Program Schedule: Thursday, October 18 - Session 2
Entrepreneur Panel: Live your Ideas, Making an Impact as an Entrepreneur
Location: Salon I and II
Presenters: Lucy Sanders (CEO, NCWIT), Joyce Park (founder, Renkoo), Dileep George (co-founder, Numenta), Anu Shulka (CEO, MyOfferPal), Indu Navar (CEO, Serus)
Entrepreneurship is the practice of starting new organizations in response to identified opportunities. Entrepreneurship is often both a difficult undertaking and a creative, energizing experience. Our invited panelists come from breakthrough companies Renkoo (providing better Internet people to people communications), Numenta (building a new type of computer memory system modeled after the human neocortex) and MyOffer Pal (a Web 2.0 consumer acquisition service). Many are serial entrepreneurs. Come hear how these successful and dynamic people have translated their ideas into reality.
Promising Practices in CS1
Location: Camellia and Dogwood
Presenters: Lynn Lambert (Christopher Newport University), Barbara Ericson (Georgia Institute of Technology), Deepak Kumar (Bryn Mawr College), Wanda Dann (Carnegie Mellon University)
Computer science enrollment is plummeting, and the percentage of women is declining faster than the population as a whole. Although there are multiple reasons for the decline, instruction in the beginning programming courses may be contributing. Thus, many departments are trying new approaches to attract and retain students in CS1. This panel will discuss some innovative CS1 courses that we believe are effective, inclusive, and compelling, especially for women.
The Road to Executive Leadership
Location: Salon VI and VII
Presenters: Ana Pinczuk (Cisco Systems), Susan Monaghan (Cisco Systems), Nayla Rizk (Spencer Stuart), Roz Ho (Microsoft), Kathy Jenks (Sun Microsystems)
This moderated panel will include female executives from a cross section of technology companies and will include an executive recruiter. The panelists will discuss their career progression to executive positions and share their views on what companies look for in executives. The panel will require at least an hour to allow for panelist conversation and Q&A.
Shop and Talk: Supporting Women’s Nurturing and Providing Roles through Mobile Technology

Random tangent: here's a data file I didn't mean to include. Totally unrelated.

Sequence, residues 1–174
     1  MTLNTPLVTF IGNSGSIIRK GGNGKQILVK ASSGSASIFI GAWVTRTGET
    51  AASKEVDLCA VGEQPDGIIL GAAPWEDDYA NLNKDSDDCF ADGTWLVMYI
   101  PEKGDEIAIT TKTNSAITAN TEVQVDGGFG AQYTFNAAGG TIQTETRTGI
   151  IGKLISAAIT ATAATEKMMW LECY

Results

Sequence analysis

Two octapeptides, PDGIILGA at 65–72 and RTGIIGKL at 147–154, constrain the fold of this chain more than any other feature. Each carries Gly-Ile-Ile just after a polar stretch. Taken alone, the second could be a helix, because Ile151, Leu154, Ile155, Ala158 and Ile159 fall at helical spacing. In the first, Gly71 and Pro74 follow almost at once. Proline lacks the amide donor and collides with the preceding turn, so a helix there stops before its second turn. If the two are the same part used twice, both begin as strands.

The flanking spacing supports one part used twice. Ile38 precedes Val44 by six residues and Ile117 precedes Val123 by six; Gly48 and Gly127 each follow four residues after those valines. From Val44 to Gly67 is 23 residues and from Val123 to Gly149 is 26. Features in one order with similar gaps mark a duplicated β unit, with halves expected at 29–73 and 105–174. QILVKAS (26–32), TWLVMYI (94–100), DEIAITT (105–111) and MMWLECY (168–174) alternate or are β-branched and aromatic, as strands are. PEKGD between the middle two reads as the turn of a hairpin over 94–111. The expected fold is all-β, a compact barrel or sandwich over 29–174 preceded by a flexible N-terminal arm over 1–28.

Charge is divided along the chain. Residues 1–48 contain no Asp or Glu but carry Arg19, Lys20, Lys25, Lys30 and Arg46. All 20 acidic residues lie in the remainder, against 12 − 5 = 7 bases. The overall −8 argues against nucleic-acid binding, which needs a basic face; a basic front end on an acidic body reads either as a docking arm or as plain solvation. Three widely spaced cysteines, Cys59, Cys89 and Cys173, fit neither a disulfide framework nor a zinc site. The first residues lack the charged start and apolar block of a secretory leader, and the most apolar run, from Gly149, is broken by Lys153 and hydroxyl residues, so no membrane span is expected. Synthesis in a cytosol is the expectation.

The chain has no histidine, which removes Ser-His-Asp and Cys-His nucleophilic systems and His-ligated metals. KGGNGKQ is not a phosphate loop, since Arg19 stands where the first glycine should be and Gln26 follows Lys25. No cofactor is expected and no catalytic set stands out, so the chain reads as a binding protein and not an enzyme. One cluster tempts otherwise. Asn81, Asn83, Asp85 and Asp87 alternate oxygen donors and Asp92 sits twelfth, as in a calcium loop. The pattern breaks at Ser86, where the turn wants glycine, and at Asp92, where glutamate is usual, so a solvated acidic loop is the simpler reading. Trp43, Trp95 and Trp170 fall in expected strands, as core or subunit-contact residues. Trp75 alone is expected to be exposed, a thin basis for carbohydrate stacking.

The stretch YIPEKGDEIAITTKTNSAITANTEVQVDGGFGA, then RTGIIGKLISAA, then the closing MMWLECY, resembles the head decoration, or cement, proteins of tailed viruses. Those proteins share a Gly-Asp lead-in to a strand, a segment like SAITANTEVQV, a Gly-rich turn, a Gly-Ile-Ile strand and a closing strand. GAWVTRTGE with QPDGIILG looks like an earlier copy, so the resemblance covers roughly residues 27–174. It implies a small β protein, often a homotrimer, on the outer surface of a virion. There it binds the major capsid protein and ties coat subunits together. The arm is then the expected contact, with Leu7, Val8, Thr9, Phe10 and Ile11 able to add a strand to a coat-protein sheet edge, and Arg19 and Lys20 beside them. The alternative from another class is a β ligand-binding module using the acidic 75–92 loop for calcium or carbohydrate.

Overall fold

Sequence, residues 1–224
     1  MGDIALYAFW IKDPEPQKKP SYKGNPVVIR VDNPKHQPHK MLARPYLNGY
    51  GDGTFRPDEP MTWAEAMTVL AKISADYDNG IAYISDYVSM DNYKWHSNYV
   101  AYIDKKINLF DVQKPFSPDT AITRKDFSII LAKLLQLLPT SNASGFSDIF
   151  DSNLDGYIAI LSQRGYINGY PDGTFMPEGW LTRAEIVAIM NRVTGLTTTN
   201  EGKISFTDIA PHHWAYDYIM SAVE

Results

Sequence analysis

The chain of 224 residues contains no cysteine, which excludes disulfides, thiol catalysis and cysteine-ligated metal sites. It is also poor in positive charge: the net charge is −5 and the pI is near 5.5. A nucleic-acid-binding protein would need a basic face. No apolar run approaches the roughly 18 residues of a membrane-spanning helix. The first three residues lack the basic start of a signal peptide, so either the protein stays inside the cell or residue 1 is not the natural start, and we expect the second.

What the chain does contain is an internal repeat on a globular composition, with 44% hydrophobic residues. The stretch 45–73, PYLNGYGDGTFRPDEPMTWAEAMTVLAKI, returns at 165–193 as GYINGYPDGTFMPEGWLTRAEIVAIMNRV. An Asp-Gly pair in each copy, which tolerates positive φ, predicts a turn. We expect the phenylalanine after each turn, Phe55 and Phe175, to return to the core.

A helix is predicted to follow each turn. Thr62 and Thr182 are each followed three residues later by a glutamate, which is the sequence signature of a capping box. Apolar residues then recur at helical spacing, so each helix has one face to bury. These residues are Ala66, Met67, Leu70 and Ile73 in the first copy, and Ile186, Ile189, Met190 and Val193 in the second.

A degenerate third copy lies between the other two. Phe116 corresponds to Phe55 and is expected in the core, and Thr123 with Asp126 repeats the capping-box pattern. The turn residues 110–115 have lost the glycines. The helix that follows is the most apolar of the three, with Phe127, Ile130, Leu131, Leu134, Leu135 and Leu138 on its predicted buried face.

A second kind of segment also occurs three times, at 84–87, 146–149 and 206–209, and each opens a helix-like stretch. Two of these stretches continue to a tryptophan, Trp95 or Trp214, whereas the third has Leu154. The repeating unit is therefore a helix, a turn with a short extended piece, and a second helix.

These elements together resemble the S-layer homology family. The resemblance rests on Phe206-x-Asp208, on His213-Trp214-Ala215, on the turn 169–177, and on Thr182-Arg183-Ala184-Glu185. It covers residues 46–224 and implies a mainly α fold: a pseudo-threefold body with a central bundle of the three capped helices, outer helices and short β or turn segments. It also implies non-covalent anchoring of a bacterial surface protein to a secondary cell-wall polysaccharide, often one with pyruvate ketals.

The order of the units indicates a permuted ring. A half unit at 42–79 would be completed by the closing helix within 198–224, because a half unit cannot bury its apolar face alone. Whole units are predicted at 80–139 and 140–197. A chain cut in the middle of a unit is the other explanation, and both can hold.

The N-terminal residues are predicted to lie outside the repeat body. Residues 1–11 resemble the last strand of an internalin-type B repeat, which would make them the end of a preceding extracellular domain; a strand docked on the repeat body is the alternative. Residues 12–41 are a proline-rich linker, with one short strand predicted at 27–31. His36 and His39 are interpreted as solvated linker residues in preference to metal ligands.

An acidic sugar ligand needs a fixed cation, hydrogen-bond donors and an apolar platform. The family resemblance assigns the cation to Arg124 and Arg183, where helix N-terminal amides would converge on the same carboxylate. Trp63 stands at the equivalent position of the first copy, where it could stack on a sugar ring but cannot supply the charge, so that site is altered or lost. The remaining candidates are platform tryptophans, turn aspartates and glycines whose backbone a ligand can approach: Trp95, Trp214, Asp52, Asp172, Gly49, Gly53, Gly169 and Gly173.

Location: Salon VIII
Presenters: Karen E Fisher (The Information School, University of Washington), Tammara Combs Turner (The Information School, University of Washington)
Women do 80% of household shopping, spending $4-7 trillion annually. Findings from interviews and observation of 14 women show that shopping is pervasively about social interaction, which changes with life stage. We share recommendations (information, communication, physical) for a mobile device for facilitating women's role as family shopper for non-grocery items. Aimed at assisting cognitive, social, and affective needs, the device can support the integration of myriad daily roles while promoting women in technology design and use.
An Introduction to Intrusion Detection
Location: Narcissus and Orange Blossom
Presenters: Carol Taylor (University of Idaho), Carrie Gates (Computer Associates)
As security continues to be a concern under a continuing onslaught of security breaches, IDS tools are becoming increasingly necessary. They typically work in conjunction with other information security tools, such as firewalls. We are proposing a workshop on intrusion detection where we will cover important concepts, current state of the practice and future directions. Both authors have considerable background and research experience with intrusion detection systems.
So You Want to be A CTO
Location: South Ballroom
Presenters: Moderator: Bill Unger (Mayfield); Panel: Justin Rattner (Intel), Mark Bregman (Symantec), Rebecca Parsons (Thoughtworks)
The position of the chief technical officer (chief technology officer), or CTO, is believed to have evolved in the 1980’s. The position became popularized during the 1990’s with the dot-com boom. Although there are many official and unofficial descriptions and styles for a successful CTO, no commonly shared definition of the position or responsibilities exists. Some CTO’s manage the technical staff and R&D portfolio while others articulate the strategic vision for their company. CTO’s in small start-up’s roll up their sleeves for hands on duties while those in multi-national companies deal at the highest levels of industry and government.
Whatever the definition, many agree a CTO’s primary responsibility is to think about and act on the technology of the future and lead the technology vision for their organization. This panel will discuss the unique role and evolution as well as the diversity of approaches to the CTO role. This panel will discuss, what makes for great technical leadership, how to prepare for becoming a CTO, and why so few women become CTO’s and technical leaders.
Now You’re an Associate Professor - What’s Next?
Location: Salon III
Presenters: Tracy Camp (Colorado School of Mines), Joan Francioni (Winona State University), Mary Lou Soffa (University of Virginia)
The goal of this session is to illuminate the process of being promoted to full professor, in order to help enable promotion of female associate professors. The panelists will discuss several expectations of promotion to full professor and strategies for achieving these expectations. The session will cover different types of academic institutions, from research-focused universities to teaching colleges. Example topics include planning your activities toward promotion, strategies for achieving leadership, as well as challenges one might face and how to overcome these challenges. The session will include time for interactions with attendees.